The lens 28 has a slit aperture 29 over it, the horizontal dimension (slit length) being greater than the vertical dimension (slit width). This type aperture stops the system to increase depth of field with respect to vertical focus. The wide horizontal opening allows more light to enter the lens than if the aperture were equally small in both width and length; this additional light is a desirable feature. (The poor depth of field with respect to horizontal focus which would normally result with such an aperture is taken care of by the Doppler principles employed which do not reduce equally the light intensity forming both foreground and background image structures.) Light passing through 28 is focused and then projected by the focus lens 30 to a new focus on or near plane 32. The focus position latitude of projection lens 30 is indicated as ΔS.
A small part of the laser beam is split off at 18 and is directed to the mirror 34 where it is then reflected through a beam expander 36 and collimator 38. After passing through 38 the beam strikes the rotating/oscillating reference mirror 39 which is responsible for the Doppler encoding of the reference beam. The reference beam focus lens pair 42 conjugates the plane of the reference mirror onto or near plane 32.
The backregion is a part of the object and is the plane running through the axis of 12. It is essential that the reference mirror image axis coincide with the image of the object axis and that the motion-induced Doppler encoding (frequency change across the reference mirror image and the object backregion image) on or near plane 32 be identical. For given object distance L and instantaneous angular velocity ωo, the reference mirror instantaneous angular velocity and focus lens position ΔS are adjusted to give coincidences of focal planes and Doppler encodings.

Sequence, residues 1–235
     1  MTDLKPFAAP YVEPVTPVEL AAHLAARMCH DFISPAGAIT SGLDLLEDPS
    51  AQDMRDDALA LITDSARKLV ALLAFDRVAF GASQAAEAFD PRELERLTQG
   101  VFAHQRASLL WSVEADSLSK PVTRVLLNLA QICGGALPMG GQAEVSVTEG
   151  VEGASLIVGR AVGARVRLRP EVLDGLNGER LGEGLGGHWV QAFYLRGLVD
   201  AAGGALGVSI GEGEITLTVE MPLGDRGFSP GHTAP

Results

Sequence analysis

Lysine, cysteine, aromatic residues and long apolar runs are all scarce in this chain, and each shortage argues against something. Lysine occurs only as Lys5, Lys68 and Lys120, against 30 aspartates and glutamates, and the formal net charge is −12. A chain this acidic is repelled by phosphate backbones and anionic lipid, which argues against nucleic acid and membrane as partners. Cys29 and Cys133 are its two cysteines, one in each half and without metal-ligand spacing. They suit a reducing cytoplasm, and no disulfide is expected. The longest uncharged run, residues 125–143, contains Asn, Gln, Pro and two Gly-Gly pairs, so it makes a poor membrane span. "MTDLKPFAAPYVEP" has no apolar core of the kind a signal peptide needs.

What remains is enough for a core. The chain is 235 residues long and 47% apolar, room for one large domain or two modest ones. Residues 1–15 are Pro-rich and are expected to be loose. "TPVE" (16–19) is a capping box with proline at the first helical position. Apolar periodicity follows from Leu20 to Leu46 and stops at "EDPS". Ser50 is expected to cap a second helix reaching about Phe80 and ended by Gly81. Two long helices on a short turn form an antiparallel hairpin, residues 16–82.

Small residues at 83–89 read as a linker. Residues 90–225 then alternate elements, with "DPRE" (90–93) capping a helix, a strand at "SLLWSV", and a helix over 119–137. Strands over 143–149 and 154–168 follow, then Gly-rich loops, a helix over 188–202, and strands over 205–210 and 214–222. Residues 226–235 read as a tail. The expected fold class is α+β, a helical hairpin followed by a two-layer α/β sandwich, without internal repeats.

Because of the identical Doppler encoding on images of reference mirror and object backregion, interference fringes form (practically motionless over a time t for which ωo t is very small) and allow complete reconstruction of the backregion image. The light from points in the object foreground (nearest the lens 28) do not, however, focus to a point in the same plane. This would normally constitute a blur (in the plane of the backregion image), but the light from a given foreground point coincides in frequency with the Doppler encoded light from the reference mirror only in a region much smaller than the blur dimension. Thus, the interference fringes which are necessary for reconstruction of the images will cover a correspondingly small area. The result is a decrease of blur, or a depth of field increase. The incomplete coincidence of Doppler encoding effectively results in stopping of the foreground. Due to complete coincidence for the backregion image, it is effectively unstopped.
The reconstructed image may be observed either by recording interference fringes in a photographic plate (a hologram) and viewing it in coherent light, or by placing the vidicon of a TV camera at plane 32 and viewing (in realtime fashion) the image on a video monitor which is preceded by suitable band-pass electronics. In the latter case the cycle periods of the laser shutter 16 and object platforms 40 and 12 must be synchronized.
A few more comments of a practical nature are in order: For large scale work, a laser with several meters coherence length is desirable. Where one does not opt for such a laser, the position of mirror 34 and the angle of mirror 18 are made adjustable so that the laser path (18)-(26)-(12)-(26)-(32) can be made to within a coherence length of (18)-(34)-(40)-(32), provided L is suitably chosen. The reference beam is likely to be too strong unless the mirror 34 is only slightly reflecting. If a 100% mirror is used, however, one can compensate by using attenuators anywhere between 18 and 34 or 34 and 36, or by simply using a variable beam splitter at 18. Whereas far-field (or simulated far-field) Doppler spread holography produces no perspective in the reconstruction, such will occur in the apparatus of the present invention. This is not to be regarded as a shortcoming unless isometric projection is desired. Finally, the same Doppler encoding which improves depth of field (reduces blur) will also assist in resolving an image observed through a distorting medium (translucent tissue or milky potting compound, etc.) in the horizontal dimension.